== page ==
• A very interesting book I read on a story of Generational Wealth: “Fortune’s Children: The Fall of the House of Vanderbilt.” Summary: The Vanderbilt family patriarch, “the Commodore”, built a fortune that made him the world’s richest man by 1877. Less than 50 years after his death, not a single Vanderbilt descendent was counted among the world’s richest people.
• You obviously enjoy and are good at managing finances. I encourage you to help your daughter come to some base level of interest/understanding, so she can be prepared for her inheritance.
I have many, mostly around estate planning. We are on a somewhat similar trajectory (though with dual income and 2 children) and have another 10+ ish years of employment, by choice (we are also 10+ ish years younger than you). I am trying to learn from others on how they are approaching estate planning.
• What is your general strategy to transfer wealth?
o When do you plan to inform your daughter of the potential size of her inheritance?
o Since you reference the Millionaire Next Door, what are your thoughts on how they document that children who know they have money coming tend to live above their means (I know this doesn’t apply to your daughter, but thinking of grandchildren)?
o The new Secure Act law changes can leave high earning heirs a significant tax burden.
Have you looked into Charitable Remainder Trusts for you IRA?
o If the estate tax exemption reverts after 2026, thoughts on how to minimize tax liability for your daughter?
Have you thought about taking advantage of the exemption now and making a transfer before 2026 (knowing there are pros/cons)?
o Do you currently give your daughter (or others) the annual $15k gift limit?
• Does your daughter have children (asking since you mention generational wealth)?
• Would appreciate any research or additional information you have to share on this subject.
All the best for a continued happy retirement!
Thanks, MI81. I am doing all I can to get my daughter to be more involved with her finances, but she thinks the field is exceedingly dull, and I don’t want to push it too hard to sour our relationship.
As for the other questions:
My daughter will inherit the bulk of my assets after I pass. She is a beneficiary on all the financial accounts and I will execute a Revocable Transfer On Death Deed on my house in her name to avoid probate.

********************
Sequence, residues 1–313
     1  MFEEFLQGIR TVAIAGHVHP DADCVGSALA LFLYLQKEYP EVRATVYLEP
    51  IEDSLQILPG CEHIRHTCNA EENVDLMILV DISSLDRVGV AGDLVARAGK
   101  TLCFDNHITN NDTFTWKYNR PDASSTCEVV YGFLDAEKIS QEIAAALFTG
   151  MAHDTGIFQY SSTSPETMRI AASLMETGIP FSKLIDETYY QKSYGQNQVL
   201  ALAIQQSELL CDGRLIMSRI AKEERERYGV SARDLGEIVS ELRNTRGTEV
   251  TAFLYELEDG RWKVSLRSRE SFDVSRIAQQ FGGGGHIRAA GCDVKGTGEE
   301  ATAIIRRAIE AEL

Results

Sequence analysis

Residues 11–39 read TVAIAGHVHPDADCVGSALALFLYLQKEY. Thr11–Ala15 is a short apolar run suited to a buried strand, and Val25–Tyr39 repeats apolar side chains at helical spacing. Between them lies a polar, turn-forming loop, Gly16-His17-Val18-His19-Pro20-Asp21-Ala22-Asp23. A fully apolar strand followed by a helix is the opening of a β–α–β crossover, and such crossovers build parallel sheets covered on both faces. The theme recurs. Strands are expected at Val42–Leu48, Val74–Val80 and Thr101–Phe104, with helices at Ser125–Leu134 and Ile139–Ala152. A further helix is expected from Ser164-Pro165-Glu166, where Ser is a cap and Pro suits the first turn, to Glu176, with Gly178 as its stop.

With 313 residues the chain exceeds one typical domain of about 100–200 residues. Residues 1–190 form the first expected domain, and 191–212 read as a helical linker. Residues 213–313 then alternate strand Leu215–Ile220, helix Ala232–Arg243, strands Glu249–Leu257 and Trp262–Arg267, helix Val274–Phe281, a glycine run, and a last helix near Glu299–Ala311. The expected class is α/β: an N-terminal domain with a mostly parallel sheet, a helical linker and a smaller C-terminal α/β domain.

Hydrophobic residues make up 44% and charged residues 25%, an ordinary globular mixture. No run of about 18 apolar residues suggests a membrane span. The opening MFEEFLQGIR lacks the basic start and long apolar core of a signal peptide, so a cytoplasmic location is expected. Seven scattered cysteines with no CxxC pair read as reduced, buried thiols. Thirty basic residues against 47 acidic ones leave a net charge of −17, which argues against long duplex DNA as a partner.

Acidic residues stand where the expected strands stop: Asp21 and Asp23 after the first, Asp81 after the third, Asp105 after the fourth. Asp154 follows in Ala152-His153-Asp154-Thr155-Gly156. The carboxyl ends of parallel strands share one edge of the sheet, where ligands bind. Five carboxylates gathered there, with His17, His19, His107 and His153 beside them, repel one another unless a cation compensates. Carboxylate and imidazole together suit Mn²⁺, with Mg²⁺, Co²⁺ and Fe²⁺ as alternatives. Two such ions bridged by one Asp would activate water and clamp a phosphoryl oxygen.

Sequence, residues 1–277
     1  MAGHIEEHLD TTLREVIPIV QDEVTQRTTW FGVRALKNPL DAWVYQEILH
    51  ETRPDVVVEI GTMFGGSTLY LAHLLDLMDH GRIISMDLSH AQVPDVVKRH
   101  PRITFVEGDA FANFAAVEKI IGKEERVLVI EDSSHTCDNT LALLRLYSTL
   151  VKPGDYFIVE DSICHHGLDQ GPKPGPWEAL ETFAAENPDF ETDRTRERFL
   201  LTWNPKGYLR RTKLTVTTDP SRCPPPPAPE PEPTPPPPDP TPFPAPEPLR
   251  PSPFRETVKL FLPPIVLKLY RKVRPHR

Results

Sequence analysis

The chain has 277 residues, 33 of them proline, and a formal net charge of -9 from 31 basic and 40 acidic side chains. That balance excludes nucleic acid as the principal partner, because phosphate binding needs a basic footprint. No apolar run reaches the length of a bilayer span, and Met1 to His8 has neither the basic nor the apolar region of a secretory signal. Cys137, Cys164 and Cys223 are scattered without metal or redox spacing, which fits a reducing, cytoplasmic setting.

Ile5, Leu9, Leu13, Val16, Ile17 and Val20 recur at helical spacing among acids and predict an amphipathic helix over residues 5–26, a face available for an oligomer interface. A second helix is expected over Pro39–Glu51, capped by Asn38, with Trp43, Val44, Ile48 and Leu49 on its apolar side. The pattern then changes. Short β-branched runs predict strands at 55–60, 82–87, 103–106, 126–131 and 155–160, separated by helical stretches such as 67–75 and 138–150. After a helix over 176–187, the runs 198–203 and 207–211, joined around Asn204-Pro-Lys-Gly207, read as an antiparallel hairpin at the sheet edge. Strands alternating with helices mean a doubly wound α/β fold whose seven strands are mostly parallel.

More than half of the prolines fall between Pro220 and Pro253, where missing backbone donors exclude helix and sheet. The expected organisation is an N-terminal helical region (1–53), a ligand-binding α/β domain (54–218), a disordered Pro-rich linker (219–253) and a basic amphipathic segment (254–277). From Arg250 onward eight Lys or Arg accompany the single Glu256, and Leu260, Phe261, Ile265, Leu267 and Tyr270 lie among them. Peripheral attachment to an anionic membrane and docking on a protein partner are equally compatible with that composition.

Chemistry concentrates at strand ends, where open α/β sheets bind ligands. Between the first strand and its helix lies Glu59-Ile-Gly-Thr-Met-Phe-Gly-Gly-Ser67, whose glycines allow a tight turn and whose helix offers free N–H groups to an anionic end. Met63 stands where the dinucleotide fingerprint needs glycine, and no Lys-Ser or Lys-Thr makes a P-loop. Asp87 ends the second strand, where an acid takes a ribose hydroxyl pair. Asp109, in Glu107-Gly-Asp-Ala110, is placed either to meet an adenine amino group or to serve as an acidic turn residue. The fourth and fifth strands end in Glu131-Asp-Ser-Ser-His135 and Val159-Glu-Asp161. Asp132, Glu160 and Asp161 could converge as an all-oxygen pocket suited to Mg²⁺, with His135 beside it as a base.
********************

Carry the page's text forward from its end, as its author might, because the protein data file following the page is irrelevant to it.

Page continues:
I am planning to keep her in suspense regarding the potential size of her inheritance, at least in the near future. She is making an excellent salary and will benefit from a similar size, if not larger, inheritance from her mother’s side. I think she is very levelheaded and this knowledge shouldn’t affect her lifestyle much, but you never know. I’ll let her mature a little more. Besides, she never asks. If she was in a less stable financial position, I would let her know sooner rather than later, so she could feel more secure.
My opinion is that younger children and younger adults are better off making their own way in life, rather than counting on economic outpatient care or inheritances. Once they mature, hopefully they’ll become better equipped to handle substantial funds.
Charitable Remainder Trust for my IRA is a possibility, but in my ethnic culture, charity tends to stay within family.
I started doing Roth conversions of my IRA, last year I converted $141K to top off the 24% income tax bracket, and plan to continue for another 10 years, now that SECURE Act increased RMD requirement to 72.
If estate exemption reverts, I will hire a estate attorney to find the best way to pass the inheritance, probably though trusts and life insurance. But frankly paying my fair share in taxes is not such a bad idea for a couple of reasons. My daughter doesn’t expect anything from me, so any inheritance would be gravy. This country has benefited my family in numerous ways: gave us refuge from an oppressive regime, provided support to my grandparents through SSI, subsidized my daughter’s and sister’s college and professional school degrees at UCLA and UC Berkeley, provided funding to my former employer, so I could be gainfully employed and is maintaining our the freedoms and rights so my family could thrive.
I do not plan to transfer funds through gifts before 2026, with hope that these gifts would somehow be grandfathered in. The only other way I can see taking advantage of the exemption now and making a transfer before 2026 is by not being alive when the exemption reverts. I think this is a rather extreme way to avoid taxes:)